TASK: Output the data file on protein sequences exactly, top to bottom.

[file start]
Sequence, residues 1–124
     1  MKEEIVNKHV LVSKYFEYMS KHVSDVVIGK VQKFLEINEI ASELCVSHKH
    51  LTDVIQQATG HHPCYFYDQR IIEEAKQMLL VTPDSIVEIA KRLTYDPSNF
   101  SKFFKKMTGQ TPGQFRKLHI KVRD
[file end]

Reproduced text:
Sequence, residues 1–124
     1  MKEEIVNKHV LVSKYFEYMS KHVSDVVIGK VQKFLEINEI ASELCVSHKH
    51  LTDVIQQATG HHPCYFYDQR IIEEAKQMLL VTPDSIVEIA KRLTYDPSNF
   101  SKFFKKMTGQ TPGQFRKLHI KVRD